2020 Masters Choose Your Own Adventure, Tiger Woods vs. Phil Mickelson: Lefty at the Crossroads
Harry How/Getty Images for The Match
“Ugh, it’s in the bunker!”
Mickelson often likes to bill himself as the smartest guy in the room — remember that pavlova story from earlier? — but two swings into his round, you’re already wondering if he outsmarted himself this time.
He carried two drivers at the 2006 Masters, then employed that same strategy for last year’s Memorial Tournament. He played the 2008 U.S. Open without one, replaying that plan during the 2017 Open Championship. And he carried five wedges while winning at Colonial in 2008, again doing so at the U.S. Open and PGA Championship five years later.
There are few players in the history of the game who have tinkered with their tools as much as Lefty, who owns a storied history of not only employing varied equipment, but putting this equipment into play during crucial weeks.
Still, you have to wonder whether going with six wedges was a little overboard.
It’s tough to criticize when that strategy so far has led to rounds of 69-68-68, brilliant consistency on the leaderboard, if not on the individual scorecards.
This has been a very Mickelson-esque week so far, plenty of ebbs and flows, up and downs, but at the end of each day, his final total has shown more circles than squares.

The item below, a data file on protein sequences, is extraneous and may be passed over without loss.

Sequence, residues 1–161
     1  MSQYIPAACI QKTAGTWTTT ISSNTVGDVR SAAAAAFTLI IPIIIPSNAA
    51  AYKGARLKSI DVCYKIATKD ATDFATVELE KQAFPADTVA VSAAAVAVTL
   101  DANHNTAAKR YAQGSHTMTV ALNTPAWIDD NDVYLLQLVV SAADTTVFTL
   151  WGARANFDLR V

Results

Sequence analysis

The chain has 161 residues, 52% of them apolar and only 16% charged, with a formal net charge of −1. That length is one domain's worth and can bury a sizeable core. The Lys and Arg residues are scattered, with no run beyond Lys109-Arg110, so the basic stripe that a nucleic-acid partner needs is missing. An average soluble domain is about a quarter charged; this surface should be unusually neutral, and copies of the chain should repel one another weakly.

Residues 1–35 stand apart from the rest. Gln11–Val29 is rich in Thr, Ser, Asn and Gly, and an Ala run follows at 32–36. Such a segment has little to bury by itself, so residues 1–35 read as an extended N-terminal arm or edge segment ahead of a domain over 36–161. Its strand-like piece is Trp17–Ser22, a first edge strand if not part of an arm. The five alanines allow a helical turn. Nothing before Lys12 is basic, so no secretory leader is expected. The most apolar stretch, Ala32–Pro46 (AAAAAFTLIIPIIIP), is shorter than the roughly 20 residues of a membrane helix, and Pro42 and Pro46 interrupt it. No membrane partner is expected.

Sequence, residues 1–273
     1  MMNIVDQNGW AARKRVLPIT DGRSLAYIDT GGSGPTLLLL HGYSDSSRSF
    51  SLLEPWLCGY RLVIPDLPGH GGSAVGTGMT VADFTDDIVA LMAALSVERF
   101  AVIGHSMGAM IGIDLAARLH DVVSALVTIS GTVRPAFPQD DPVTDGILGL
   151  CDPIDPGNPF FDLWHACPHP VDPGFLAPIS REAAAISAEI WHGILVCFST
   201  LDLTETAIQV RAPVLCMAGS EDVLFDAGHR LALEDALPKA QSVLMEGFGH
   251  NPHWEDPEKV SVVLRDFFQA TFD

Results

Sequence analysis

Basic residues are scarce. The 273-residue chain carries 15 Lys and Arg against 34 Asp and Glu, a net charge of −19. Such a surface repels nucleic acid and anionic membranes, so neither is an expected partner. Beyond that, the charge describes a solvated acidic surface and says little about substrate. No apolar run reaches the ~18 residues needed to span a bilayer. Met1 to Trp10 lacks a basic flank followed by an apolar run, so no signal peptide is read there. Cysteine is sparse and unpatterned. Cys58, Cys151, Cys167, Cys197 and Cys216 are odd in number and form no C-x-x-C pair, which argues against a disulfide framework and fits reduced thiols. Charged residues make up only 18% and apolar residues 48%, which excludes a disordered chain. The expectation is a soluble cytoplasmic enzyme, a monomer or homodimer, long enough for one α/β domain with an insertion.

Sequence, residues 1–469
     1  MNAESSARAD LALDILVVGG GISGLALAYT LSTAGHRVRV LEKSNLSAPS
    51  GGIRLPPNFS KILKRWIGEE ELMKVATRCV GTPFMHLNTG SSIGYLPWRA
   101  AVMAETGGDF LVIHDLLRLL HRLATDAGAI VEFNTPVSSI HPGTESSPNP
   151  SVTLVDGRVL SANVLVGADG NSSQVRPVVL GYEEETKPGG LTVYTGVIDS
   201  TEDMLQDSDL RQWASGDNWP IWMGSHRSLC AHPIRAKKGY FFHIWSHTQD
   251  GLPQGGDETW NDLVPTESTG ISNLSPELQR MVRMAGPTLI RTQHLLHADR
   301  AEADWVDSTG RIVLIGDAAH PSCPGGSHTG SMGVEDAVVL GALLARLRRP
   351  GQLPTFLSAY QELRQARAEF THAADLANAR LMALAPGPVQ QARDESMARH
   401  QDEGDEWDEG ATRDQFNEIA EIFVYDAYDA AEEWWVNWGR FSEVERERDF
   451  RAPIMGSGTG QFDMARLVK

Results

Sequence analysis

Just as you start to question him, he proves you wrong again.
From the greenside bunker, Mickelson sticks one of those half-dozen wedges tight, leaving him a tap-in par. That initial wedge shot notwithstanding, you’re about to find out that he’s dialed in with these clubs today. Forced to lay up on the par-5 second, his third shot spins back to the hole, leaving him an easy birdie putt.
On the third, you do the math and realize that he owns 18 different driver-wedge combinations in the bag this week. Whichever one this is, he knocks it to eight feet and converts yet another birdie.
Throughout the week, Mickelson has been reticent to offer too much info as to which wedge does what. The driver question was an easy explanation for him, as was the question about not carrying a 6-iron or 8-iron. But when it comes to the wedges, he’s only offered the following: “It’s kind of a secret. I know exactly what I’m doing with them, but I don’t want to say it publicly, because I think everyone else will want to do the same thing.”
As it stands right now, it appears there are only two possible outcomes remaining: Mickelson looks like a genius when his tinkering leads to a fourth Masters title, or he eventually outsmarts himself and hits the wrong wedge at the wrong time.